Right and Left

Raffaello Tesi

originally published on 3.12.2004

What is right? What is left?
These might be political or ideological questions. Or philosophical?
Right and left. What are the differences? What are the characteristics that make us rationally decide to belong to one or the other side?

Let’s forget for a moment our cultural roots, our company, our past, our family tradition.
Let’s forget the prejudices that anyone has against the other side, let’s forget the maximum systems (of Right and Left) under which our society has been formed as good under any point of view.
Let’s look at the world today, meaning the western world, as a whole, through the instruments of democracy (if it is so) of the country where we live, and let’s try for a moment to understand what means to be on one side or the other.
Yes, what does that actually mean? What makes the difference, nowadays?
Maybe these are obvious things, and maybe in some countries and/or for some people they really are, but from our perspective, they are not.

One approach could be to trace back the historical roots of right and left to the defence of economical and social interests by some categories of the society (e.g. Tory and Labour in Britain during the industrial revolution).
Or we might think of a stronger ideological basis, with Hegelian roots: to think about the political ideology as an attempt of conceiving the society favouring a superior common good more than the individual good. A superior common good that can assume different shapes in a right or left view.

Maybe nowadays, a modern democracy should have accepted the state of right, give for granted some individual freedoms and never violate them, not even in the name of any common superior good, and accept the view of politics as a way to support and defend some interests within some rules.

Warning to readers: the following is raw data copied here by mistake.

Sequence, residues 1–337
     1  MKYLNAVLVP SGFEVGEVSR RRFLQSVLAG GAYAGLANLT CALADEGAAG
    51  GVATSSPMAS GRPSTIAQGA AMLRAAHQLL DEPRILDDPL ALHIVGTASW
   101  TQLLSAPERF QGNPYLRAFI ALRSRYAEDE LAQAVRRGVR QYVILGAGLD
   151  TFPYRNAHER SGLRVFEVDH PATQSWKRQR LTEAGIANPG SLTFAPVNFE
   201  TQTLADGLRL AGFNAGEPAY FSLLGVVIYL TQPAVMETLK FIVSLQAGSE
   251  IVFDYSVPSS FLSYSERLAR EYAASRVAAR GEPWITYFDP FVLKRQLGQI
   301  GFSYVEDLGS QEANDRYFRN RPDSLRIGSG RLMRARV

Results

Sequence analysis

Let’s then cut down politics to a mere defence of a part of the society. Maybe that is sadly true. However, it is unacceptable that an ideological basis does not exist.
Shall we waive any ideological assumption, and consider politics as a mere power administration?
Shall we think that, once some rules and preliminaries are accepted, the only possible governments are the ones whose provisions are once for one part of the society and once for the other?

This argument is not convincing. Because it doesn’t seem true, in our times, in our countries.
Maybe this cannot be applied to all the countries of the Western world (but we are here just to discuss this), but, still, if this political view might have been considered true until some time ago, nowadays there is no sharp social difference between a right or a left-wing person.

An ideological trend must exist and can be independent from a particular interest. If it is so, the political belonging can be more legitimated. If Right and Left are reduced to defending particular interests, how much dignity do they have?
They can have dignity only if they are seen as a practical interpretation of a vision of the world, in other words, of an ideology.
Decisions and opinions on how to solve social conflicts, on how to face new and old problems, must have an ideological inspiration.
In this way we can develop a nobler idea of politics, not as the defence of economical and/or social interests, but as a dynamic process inspired by ethical principles upon what is good and what is not, upon a vision of the world understandable and shareable by each social layer.

From a mere philosophical level, we like to quote an interesting definition of right and left given by the Italian philosopher Norberto Bobbio; which also gave us a good justification for subtitling this weblog Conservative and Progressive:

A progressive person is the one who thinks of what people have in common more than what their differences are. For a conservative person, on the contrary, the differences between a man and another are also politically more important than what they have in common.

Norberto Bobbio

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